Hand Picking Kona Coffee

Established on the lush, and volcanic western slopes of the Big Island, Coffee Times owner, Les Drent, roasted, and sold his first pound of Kona coffee in 1993. Five years later, Les moved his Coffee Times roasting operation to the beautiful island of Kauai, and established the Blair Estate shade grown, organic coffee farm in 2001. While his passion for farming is now deeply rooted in the Kauai soil, he continues to be a strong proponent for the preservation of 100% Kona coffee. Marta Lane lives on Kauai and authors the Coffee Times blog.

January 7, 2011

An experienced coffee picker being very selective with her harvest.

A superior cup of Kona coffee starts with perfectly ripe hand picked coffee cherries. Kona coffee farmers invest in this time consuming and labor intensive technique of hand picking to insure the smooth, clean and sweet flavor profile Kona coffee is famous for, thus ranking it top among the world’s specialty coffee market.

Picking a coffee cherry before it becomes fully ripe results in less than optimal sugar levels; while the sugar levels of over ripe cherries have started to decline. Mechanical harvesting, known as stripping, saves time but adds unripe berries, over ripe berries, pest ridden berries, leaves, twigs, and other debris into the final product. Inferior cherries and extraneous organic material contribute to coffee that is bitter and off tasting. Hand selecting perfectly ripe coffee cherries is the only way to guarantee the world-renowned flavor of Kona coffee.

In an interview for the Discovery Channel’s How Stuff Works, Ric Rhinehart of the Specialty Coffee Association of America says, “Coffee is going to taste best if it’s picked when its ripe.” For the ultimate cup, Rhinehart says, “Good pickers have to be selective and pick coffee that’s just at the right stage of ripeness.”

In the late 1800s, many Japanese immigrants helped pioneer a flailing Kona coffee industry. Unable to overcome Kona’s rocky slopes with mechanical harvesters, sugar plantation owners relocated to flatter terrain. Out-of-work entrepreneurial plantation workers leased land from the retreating European landowners and helped to create the quality standards Kona coffee now enjoys.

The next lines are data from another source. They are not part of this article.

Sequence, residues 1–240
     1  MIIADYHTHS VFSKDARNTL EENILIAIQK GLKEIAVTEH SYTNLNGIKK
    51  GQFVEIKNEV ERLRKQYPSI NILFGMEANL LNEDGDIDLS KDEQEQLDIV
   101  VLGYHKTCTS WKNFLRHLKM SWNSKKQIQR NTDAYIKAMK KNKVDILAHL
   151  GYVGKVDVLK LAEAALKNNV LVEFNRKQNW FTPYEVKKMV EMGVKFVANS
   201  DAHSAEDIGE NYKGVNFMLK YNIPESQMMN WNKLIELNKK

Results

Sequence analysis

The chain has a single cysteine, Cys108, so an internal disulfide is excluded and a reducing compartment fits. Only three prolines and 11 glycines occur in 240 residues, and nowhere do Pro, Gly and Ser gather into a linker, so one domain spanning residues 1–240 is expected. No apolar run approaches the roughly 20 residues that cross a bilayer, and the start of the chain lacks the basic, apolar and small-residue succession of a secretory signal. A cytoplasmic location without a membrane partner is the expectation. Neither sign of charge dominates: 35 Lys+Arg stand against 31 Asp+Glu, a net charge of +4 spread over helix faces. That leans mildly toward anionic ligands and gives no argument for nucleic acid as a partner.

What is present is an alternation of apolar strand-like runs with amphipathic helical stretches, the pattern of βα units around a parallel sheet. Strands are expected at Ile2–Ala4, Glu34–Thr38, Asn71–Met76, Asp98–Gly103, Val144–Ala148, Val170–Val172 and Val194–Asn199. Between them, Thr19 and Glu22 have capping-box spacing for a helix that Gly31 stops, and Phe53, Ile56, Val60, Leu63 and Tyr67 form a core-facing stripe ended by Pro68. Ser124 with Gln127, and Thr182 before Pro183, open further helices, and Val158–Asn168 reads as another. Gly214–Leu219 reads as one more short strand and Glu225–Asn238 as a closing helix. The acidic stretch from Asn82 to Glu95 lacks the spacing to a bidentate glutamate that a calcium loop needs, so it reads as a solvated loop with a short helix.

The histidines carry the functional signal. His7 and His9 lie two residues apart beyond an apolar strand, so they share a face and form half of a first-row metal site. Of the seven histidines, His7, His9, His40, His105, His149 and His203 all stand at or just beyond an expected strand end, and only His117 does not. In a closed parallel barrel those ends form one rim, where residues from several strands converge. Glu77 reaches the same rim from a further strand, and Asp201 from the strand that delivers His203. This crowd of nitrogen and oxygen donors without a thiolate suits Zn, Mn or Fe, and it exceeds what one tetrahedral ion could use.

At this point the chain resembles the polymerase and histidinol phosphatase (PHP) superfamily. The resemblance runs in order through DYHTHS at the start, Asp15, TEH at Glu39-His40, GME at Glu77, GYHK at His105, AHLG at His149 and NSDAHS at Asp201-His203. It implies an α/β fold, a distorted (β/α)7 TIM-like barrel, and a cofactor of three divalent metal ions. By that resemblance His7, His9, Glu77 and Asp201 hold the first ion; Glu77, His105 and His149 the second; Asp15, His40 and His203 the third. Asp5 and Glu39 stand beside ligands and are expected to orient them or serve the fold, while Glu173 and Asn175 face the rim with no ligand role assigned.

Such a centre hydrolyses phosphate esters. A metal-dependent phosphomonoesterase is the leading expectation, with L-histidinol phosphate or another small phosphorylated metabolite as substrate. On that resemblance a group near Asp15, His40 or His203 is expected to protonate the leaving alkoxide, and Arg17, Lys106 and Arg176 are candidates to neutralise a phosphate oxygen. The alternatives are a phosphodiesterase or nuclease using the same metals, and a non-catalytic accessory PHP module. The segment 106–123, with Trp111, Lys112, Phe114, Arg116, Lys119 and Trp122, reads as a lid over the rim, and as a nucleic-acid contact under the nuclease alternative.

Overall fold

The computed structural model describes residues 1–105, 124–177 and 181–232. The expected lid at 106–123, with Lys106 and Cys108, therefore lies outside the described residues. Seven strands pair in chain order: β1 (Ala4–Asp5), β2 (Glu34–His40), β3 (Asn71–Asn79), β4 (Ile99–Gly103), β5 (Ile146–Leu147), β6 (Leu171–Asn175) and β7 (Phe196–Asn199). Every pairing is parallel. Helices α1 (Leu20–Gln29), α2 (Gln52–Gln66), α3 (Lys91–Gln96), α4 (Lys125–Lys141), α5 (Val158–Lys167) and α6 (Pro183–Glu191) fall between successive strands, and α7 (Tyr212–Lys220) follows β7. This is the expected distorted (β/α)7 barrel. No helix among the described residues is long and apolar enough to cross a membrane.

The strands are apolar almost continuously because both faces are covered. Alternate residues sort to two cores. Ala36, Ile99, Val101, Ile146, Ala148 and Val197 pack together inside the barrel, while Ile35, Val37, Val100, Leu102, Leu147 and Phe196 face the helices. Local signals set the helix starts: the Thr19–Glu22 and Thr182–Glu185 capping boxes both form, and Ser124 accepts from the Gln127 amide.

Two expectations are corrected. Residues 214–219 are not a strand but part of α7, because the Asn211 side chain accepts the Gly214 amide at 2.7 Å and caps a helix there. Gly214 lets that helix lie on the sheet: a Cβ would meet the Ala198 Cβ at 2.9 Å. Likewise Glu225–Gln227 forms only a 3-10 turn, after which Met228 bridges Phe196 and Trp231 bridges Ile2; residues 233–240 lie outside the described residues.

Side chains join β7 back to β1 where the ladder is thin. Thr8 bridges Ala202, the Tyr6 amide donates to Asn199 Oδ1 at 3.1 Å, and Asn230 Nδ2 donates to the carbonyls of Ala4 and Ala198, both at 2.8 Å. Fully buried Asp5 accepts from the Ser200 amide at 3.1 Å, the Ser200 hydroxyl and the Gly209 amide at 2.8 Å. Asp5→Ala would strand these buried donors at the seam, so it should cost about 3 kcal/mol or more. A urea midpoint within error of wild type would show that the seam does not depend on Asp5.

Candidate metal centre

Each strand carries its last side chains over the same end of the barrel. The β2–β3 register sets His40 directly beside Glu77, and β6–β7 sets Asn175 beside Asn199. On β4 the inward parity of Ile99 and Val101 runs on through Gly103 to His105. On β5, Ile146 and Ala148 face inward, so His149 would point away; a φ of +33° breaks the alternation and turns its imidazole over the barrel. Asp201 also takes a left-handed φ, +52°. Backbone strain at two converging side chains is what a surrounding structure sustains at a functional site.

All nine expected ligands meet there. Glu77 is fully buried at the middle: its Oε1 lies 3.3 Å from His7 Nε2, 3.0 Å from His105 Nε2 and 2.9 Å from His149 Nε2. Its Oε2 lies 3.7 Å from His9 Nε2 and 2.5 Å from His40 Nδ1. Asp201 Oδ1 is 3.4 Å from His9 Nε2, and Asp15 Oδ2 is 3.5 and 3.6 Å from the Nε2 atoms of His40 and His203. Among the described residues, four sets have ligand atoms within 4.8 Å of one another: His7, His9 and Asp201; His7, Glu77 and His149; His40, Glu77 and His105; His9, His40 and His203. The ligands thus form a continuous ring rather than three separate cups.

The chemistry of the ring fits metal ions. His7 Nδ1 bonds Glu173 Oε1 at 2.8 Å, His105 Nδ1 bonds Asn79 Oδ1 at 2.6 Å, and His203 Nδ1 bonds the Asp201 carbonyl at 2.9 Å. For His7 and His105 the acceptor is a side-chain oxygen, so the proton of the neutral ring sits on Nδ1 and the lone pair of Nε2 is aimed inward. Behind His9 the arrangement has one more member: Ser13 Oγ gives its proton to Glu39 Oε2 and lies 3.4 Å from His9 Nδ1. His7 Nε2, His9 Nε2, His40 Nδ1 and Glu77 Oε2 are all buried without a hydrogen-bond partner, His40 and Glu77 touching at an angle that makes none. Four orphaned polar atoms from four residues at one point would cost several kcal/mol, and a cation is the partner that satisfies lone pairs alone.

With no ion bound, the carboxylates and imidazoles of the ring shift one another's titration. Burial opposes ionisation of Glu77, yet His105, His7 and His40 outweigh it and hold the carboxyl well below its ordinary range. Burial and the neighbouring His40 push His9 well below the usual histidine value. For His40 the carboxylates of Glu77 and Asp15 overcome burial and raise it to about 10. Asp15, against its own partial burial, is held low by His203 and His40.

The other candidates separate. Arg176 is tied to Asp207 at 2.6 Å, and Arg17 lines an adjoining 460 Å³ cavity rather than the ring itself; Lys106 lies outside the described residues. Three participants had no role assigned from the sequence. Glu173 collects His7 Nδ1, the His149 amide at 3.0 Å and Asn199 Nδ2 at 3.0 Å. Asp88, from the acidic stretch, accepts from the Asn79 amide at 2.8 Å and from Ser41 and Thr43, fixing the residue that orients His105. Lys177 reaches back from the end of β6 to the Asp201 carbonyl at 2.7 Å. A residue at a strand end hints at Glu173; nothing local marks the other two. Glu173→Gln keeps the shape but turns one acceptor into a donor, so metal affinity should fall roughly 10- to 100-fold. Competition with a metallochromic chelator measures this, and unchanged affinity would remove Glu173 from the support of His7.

Historic photo of a coffee picker in Kona, Hawaii.

Since inferior beans were unacceptable and motorized farm equipment was impractical, Kona coffee farmers turned their hands to picking coffee. Back breaking work drove the determined newcomers courageous and independent spirit. Small family farmers soon took over the Kona coffee industry and make it what it is today.

Kona coffee berries begin emerald-green in color and slowly mature on the shady slopes of Mauna Loa, the world’s largest volcano; maturing from yellow to orange and finally bright, cherry-red before becoming a prime coffee cherry ready for harvesting.

Coffee cherries begin to ripen around the end of August and continue to ripen until about February. Harvesting prime coffee cherries in a systematic manner; each picker moves from tree to tree, row to row across the entire orchard. Coffee shrubs are meticulously picked four to six times in a single season.

Harvesters strap baskets to their waist when picking; these baskets can weigh up to 25 pounds before they empty them into 100 pound burlap bags. Bees, centipedes, spiders, wasps and other stinging insects add a creepy and sometimes dangerous element to a long day.

A typical coffee shrub produces about 25 pounds of cherries and an average coffee picker can collect about 100 pounds in a day. An exceptional picker will harvest 400 pounds in a particularly abundant season.

With the recent infiltration of the Coffee Berry Borer, government recommendations have quadrupled the Kona coffee farmers workload. Officials suggest picking coffee cherries at weekly intervals to eliminate the spread and re-infestation of the devastating pest.

The time consuming nature of carefully selecting and hand picking perfectly ripe coffee cherries, Kona’s craggy mountainsides and a long harvest season make Kona coffee one of the most labor intensive agricultural industries in the world.

Extraordinary coffee begins by taking extraordinary measures. Hand picking Kona coffee protects its unique flavor profile; intensifying the flavors and bringing you a cup of 100% pure Kona.

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